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"We're a little bit like the dog who caught the bus" - Musk after CRS-8 S1 successfully landed on ASDS OCISLY

Offline Robotbeat

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Re: Blue Origin - We will not be strangers
« Reply #14 on: 03/09/2016 08:56 PM »
The other difference of course is that this is not far from pocket change for Bezos, so they should not lack for funds. Bezos has a far larger and more liquid fortune than Musk, who in turn is richer than Branson, I believe, although perhaps not as liquid.  Not new info but definitely supportive of Jon's thinking.
...however, we're starting to get into billions of dollars in investment to pull all these things off (New Shepard, multiple Cryogenic pump-fed rocket engines, launch pad, large new actors for full scale BE4 production, etc). New Shepard could be funded with Bezos' fun money, but the orbital stuff relies on real contracts with real customers or at least would require Bezos to sell off (or leverage) some Amazon stock. I think it's a good change because it forces Blue Origin to actually fly stuff.
Chris  Whoever loves correction loves knowledge, but he who hates reproof is stupid.

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Offline QuantumG

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Re: Blue Origin - We will not be strangers
« Reply #15 on: 03/09/2016 09:06 PM »
Today + 18 months is the standard for suborbital tourism. Today + 3 years is the standard for launching NASA astronauts to the ISS. Both are claims made consistently and it always "feels like for reals this time".

If you want a hint as to why Blue Origin won't be launching tourists in 2018, just read the rest of the article. They're already distracted by other things.

When someone is wishing for a pony, there's little to be gained by suggesting a unicorn would be ever better.. ya know, unless it's sarcasm.

Offline Robotbeat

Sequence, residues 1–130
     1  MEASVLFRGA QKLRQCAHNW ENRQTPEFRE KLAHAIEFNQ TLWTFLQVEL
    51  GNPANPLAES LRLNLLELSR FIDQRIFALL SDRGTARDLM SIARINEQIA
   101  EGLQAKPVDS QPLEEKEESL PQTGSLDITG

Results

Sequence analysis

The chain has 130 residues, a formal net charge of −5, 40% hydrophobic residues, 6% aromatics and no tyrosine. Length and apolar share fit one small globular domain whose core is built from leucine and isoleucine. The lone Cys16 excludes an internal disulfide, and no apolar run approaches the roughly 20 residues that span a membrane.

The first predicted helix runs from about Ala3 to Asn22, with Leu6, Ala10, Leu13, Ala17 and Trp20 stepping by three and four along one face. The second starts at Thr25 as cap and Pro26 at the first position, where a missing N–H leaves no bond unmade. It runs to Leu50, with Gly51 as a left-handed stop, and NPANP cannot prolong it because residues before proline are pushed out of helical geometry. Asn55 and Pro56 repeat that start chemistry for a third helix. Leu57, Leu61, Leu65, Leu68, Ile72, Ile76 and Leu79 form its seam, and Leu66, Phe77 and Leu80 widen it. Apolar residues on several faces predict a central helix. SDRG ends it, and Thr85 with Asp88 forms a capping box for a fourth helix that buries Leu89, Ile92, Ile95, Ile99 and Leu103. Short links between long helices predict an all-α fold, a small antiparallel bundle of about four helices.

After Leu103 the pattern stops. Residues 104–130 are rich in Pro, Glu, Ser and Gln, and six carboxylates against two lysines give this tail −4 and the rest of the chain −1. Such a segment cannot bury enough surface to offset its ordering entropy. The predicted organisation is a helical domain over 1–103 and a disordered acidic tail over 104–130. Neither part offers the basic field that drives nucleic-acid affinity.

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Re: Blue Origin - We will not be strangers
« Reply #16 on: 03/10/2016 12:55 AM »
NASA astronauts to ISS is now +18 months.

It's a miracle space tourism (with only 6 figures) is happening at all, frankly.
Chris  Whoever loves correction loves knowledge, but he who hates reproof is stupid.

To the maximum extent practicable, the Federal Government shall plan missions to accommodate the space transportation services capabilities of United States commercial providers. US law http://goo.gl/YZYNt0

Offline Borklund

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Re: Blue Origin - We will not be strangers
« Reply #17 on: 03/10/2016 07:43 AM »
If you want a hint as to why Blue Origin won't be launching tourists in 2018, just read the rest of the article. They're already distracted by other things.
Jeff Bezos' focus is clearly on the near term (BE-4, New Shepard) and not a million people living and working in space, you're reading way too much into articles that simply mentioned the bigger picture.

Offline Oli

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Re: Blue Origin - We will not be strangers
« Reply #18 on: 03/10/2016 08:47 AM »
From the article:

Quote
His argument was simple: Energy consumption has been rising at 2 or 3 percent a year. Even at that modest rate, within a few centuries, the energy usage would be equal to the energy produced by high-efficiency solar cells covering the entire surface of the planet. “We’ll be using all of the solar energy that impacts the Earth,” he said. “That’s an actual limit.”

Per capita energy consumption has been stagnating in the industrialized world since the late 70s. The growth of world-wide energy consumption is entirely driven by population and catch-up economic growth in developing countries. That won't last forever. Another century at worst. There are also alternatives to solar like wind, hydro or fusion.

Its depressing that space fans always have to come up with such flimsy arguments for expanding humanity into space.